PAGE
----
Sarah Brown's memoirs to reveal influence and role
Monday 14 June 2010
One would have thought a former career in public relations and a familiarity with the machinations of the Press might have helped her to easily avoid a blooper.
But Sarah Brown, despite her reputation as an experienced and professional PR woman, broke her own publisher's embargo yesterday by announcing she had agreed a deal to write her memoirs.
The deal was to be announced this morning, and press releases were sent out yesterday with a not for publication "before 0001hrs Monday 14th June" heading, but any attempts at secrecy were blown when Mrs Brown, the former Prime Minister's wife, declared the agreement to her 1.1 million followers on Twitter.
In the 24-word Tweet just before 11am, in which she mis-spelt 'publisher', she said she would begin writing the book today: "has just agreed with my pubilsher Ebury to write a book – working title Behind the Black Door – so chained to laptop from Monday morning".
Only an hour earlier the publisher had issued a press release detailing the memoirs deal in a press release marked "strictly embargoed".
Mrs Brown's book is intended to reveal what life was like as Britain's first lady during the two years and 10 months her husband was prime minister. It promises to be more of a Wag's-eye-view of first lady life than an analysis of where it all went wrong for Gordon.
Despite being married to one of the political heavyweights of the modern era, Mrs Brown's memoirs are said to concentrate more on hair-dos, shopping and school visits than on policy or the machinations of government.
She will write, a statement by the publisher said, about "what it's like to shop with Special Branch; overcome stomach-churning nerves at your first major charity event, or cope with a bad hair day when Carla Bruni's in town."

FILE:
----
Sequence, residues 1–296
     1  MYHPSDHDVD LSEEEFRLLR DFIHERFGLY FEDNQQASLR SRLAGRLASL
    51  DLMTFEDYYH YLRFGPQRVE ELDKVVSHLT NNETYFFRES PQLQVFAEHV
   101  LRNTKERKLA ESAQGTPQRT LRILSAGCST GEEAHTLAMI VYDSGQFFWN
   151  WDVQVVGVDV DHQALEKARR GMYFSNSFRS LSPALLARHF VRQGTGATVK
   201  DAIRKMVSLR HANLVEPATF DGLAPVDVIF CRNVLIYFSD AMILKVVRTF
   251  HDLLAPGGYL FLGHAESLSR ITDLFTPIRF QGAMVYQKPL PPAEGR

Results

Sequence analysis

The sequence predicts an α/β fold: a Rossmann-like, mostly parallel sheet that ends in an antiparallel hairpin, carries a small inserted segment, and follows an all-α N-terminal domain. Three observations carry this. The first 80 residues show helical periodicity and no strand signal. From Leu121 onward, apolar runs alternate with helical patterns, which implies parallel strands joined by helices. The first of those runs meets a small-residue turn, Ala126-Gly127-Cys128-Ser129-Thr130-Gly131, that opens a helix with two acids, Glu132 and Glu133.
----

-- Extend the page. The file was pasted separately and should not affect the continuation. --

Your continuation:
It will look at Mrs Brown's transformation from a career woman to being a mother and wife who, while remaining largely in the background, was a strong influence on her husband. It will also chart the challenges of taking on the role of a campaigner for charities, including PiggyBankKids, where she is president, Wellbeing of Women and Women's Aid.
The former prime minister has been seeking a publisher for his own memoirs, and is said to have had trouble generating interest. His wife was facing similar difficulties until she secured her deal with Ebury Press.
Details of the contract remained confidential yesterday, but it is thought it would be worth a six-figure sum to Mrs Brown, who gave up her PR career to be a mother and to support her husband. She describes herself on Twitter as a "bio mum" and "starting a new life".
Fiona MacIntyre, managing director of Ebury Publishing, said: "Sarah has achieved so much in her own right, with opportunities that allowed her to meet a wide range of women.
"People like and admire her, and one of the defining images was Sarah leaving Downing Street with Gordon and their two small sons with grace and dignity."
The book, which is expected to be published on Mother's Day 2011, is likely to be beaten into the bookshops by memoirs from other senior Labour Party figures.
Among them is Lord Mandelson whose recollections The Third Man: Life at The Heart of New Labour are believed to have been signed up in a deal worth £1m and are expected to be issued this summer.
Alastair Campbell, the former Blairite spin doctor, will have an updated version of his memoirs published, and in the autumn Tony Blair's The Journey, for which he was paid £4.6m, will be available.
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